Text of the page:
Twenty minutes later, we’d moved three meters.
Ten minutes after that, I began crying and Ethel wasn’t sure if were stopping or going.
One of Ethel’s services to me is to pull me along in stores, on sidewalks, up hills, down hills, wherever. We move slowly with the “Walk on” command and she starts running with the “Giddy up” command. But when I’m pulling on her with my full weight and am stuck in the ground, she gets confused. Her other service to me is to stand still and brace so that I can climb up over her and get back to my chair. So if we’re walking and I get stuck, instinctively she stops and braces so I can pull myself out. On terrain like we found ourselves, I needed to continually switch from “I’m stuck, brace” to “ok we can move now, walk on”. But an emotional handler, especially with the trademarked Julia overly dramatic sobbing, will confuse the service out of the service dog. Ethel didn’t understand what was going on or what she was supposed to do.
I felt my wheels squish into an especially juicy dung pile and I gave up. I called Dusty, who was just finishing his run, and he got the RV and drove to my rescue. I was frustrated, embarressed and angry that I hadn’t been able to finish what seemed like a simple, off-road trail hike. Dusty just laughed that of course, once again, I had found myself in a situation like this.
While Ethel was slurping water, I vigorously washed my hands in the RV bathroom. When sufficiently clean, although I was considering the possibility of dousing myself with bleach, I showed Dusty the pictures we’d taken. A beautiful place plus a big dog makes for some fun pictures and glancing through them made me realize a hard truth.
I was never supposed to do that trek alone. As hard as it is to admit, I know there are places in the world where I just can’t go. The top of the Eiffel Tower, for example, doesn’t have accommodations for wheelchairs. But I’ve climbed, scratched, hauled and lifted myself into “not for disabilities” sites around the world. The key, though, is that I always had help. Dusty would be by my side, hauling my wheelchair while I low-crawled up stairs or carrying me into over fences and into towers. When Dusty’s help wasn’t enough or when he was absent, there was always someone. In college, I had wonderful friends and I hunted down the nervous freshman who wouldn’t say no to a push. In Europe, there were the good people who restored my faith in humanity time and time again. We’d communicate through hand gestures when I’d explain the elevator had broken, but wheelchair problems and smiles are universal.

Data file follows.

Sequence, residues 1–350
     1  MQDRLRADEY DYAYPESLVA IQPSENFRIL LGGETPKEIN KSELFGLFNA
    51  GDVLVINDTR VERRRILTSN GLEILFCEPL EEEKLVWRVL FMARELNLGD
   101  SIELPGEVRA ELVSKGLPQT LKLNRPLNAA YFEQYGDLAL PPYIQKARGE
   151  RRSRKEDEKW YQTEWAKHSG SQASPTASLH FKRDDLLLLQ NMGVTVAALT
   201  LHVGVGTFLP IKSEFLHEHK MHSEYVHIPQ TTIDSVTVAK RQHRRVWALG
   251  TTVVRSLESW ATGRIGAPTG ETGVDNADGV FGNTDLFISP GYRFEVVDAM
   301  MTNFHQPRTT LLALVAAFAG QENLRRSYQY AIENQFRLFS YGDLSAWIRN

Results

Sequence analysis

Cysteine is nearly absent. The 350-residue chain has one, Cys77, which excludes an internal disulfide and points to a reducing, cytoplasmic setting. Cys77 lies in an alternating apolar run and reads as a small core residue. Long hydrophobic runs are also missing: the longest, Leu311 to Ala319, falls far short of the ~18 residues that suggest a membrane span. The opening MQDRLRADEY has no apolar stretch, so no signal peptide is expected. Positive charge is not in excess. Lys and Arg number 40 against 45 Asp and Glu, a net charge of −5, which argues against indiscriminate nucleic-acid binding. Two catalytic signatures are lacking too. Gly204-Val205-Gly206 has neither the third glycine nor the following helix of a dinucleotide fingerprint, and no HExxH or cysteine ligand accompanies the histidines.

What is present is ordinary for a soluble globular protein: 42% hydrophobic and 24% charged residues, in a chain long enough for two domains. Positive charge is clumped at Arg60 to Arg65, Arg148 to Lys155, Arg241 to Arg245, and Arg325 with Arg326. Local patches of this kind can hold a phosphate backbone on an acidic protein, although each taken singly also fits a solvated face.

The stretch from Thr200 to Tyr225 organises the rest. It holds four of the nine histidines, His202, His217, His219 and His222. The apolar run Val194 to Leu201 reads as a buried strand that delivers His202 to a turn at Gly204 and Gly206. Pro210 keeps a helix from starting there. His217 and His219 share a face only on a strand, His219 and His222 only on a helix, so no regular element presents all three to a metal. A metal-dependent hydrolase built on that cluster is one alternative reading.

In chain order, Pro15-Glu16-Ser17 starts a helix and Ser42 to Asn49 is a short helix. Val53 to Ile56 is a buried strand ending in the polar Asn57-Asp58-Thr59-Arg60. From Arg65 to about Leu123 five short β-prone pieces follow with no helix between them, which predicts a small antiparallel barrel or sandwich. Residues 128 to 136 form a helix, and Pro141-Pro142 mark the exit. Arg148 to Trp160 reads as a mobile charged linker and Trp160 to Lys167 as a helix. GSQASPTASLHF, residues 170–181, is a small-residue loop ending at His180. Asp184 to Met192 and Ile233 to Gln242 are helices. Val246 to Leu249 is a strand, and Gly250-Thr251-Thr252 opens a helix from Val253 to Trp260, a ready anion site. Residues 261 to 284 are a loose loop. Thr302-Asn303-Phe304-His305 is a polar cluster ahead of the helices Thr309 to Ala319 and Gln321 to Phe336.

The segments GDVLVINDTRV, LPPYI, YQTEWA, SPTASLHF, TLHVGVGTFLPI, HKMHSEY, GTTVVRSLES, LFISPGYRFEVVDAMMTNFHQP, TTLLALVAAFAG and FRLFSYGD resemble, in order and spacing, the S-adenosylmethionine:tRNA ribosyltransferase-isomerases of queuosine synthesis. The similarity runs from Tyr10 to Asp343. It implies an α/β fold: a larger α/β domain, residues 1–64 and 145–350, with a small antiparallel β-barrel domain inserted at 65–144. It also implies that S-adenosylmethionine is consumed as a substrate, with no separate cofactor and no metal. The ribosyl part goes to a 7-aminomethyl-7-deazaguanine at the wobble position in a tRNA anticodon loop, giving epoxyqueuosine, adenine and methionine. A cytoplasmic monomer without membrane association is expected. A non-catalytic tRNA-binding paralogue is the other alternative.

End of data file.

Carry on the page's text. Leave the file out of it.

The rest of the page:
Now that I have Ethel, I’ve got an invincibility complex. With my four-pawed SuperGirl, I feel like I’m The Wheeling Rider, a famed superhero known for the flames that follow her wheels when she takes off. Together we can face the cobblestones, gravel, hills and curbs of the world with ease, fighting crime and saving babies along the way. And some of that is true. But there’s always room for help and I forgot how to ask.
I’m not invincible, I learned today day crawling through bison dung back to the road of Antelope Island. But that doesn’t mean Ethel isn’t my SuperGirl and I’m not Wheeling Rider. Because even superheroes ask for help sometimes.